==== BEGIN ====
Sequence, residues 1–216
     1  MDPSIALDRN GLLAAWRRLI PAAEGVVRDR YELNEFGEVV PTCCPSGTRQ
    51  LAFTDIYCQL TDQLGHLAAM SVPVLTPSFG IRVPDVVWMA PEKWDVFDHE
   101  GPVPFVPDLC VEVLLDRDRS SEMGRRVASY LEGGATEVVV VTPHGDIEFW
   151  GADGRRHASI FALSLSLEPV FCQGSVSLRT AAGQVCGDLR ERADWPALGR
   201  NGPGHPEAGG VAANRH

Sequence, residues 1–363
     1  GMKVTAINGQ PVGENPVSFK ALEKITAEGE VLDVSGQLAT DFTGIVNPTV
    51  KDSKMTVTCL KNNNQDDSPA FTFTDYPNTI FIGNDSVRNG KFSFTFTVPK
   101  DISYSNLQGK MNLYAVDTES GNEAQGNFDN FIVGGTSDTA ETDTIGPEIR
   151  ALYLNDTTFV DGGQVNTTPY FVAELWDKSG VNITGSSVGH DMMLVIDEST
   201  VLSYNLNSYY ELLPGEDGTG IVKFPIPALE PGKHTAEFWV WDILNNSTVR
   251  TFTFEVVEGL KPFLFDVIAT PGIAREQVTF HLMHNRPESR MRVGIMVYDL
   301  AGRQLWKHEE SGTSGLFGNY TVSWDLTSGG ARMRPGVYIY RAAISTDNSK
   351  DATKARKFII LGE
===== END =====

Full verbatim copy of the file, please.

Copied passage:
Sequence, residues 1–216
     1  MDPSIALDRN GLLAAWRRLI PAAEGVVRDR YELNEFGEVV PTCCPSGTRQ
    51  LAFTDIYCQL TDQLGHLAAM SVPVLTPSFG IRVPDVVWMA PEKWDVFDHE
   101  GPVPFVPDLC VEVLLDRDRS SEMGRRVASY LEGGATEVVV VTPHGDIEFW
   151  GADGRRHASI FALSLSLEPV FCQGSVSLRT AAGQVCGDLR ERADWPALGR
   201  NGPGHPEAGG VAANRH

Sequence, residues 1–363
     1  GMKVTAINGQ PVGENPVSFK ALEKITAEGE VLDVSGQLAT DFTGIVNPTV
    51  KDSKMTVTCL KNNNQDDSPA FTFTDYPNTI FIGNDSVRNG KFSFTFTVPK
   101  DISYSNLQGK MNLYAVDTES GNEAQGNFDN FIVGGTSDTA ETDTIGPEIR
   151  ALYLNDTTFV DGGQVNTTPY FVAELWDKSG VNITGSSVGH DMMLVIDEST
   201  VLSYNLNSYY ELLPGEDGTG IVKFPIPALE PGKHTAEFWV WDILNNSTVR
   251  TFTFEVVEGL KPFLFDVIAT PGIAREQVTF HLMHNRPESR MRVGIMVYDL
   301  AGRQLWKHEE SGTSGLFGNY TVSWDLTSGG ARMRPGVYIY RAAISTDNSK
   351  DATKARKFII LGE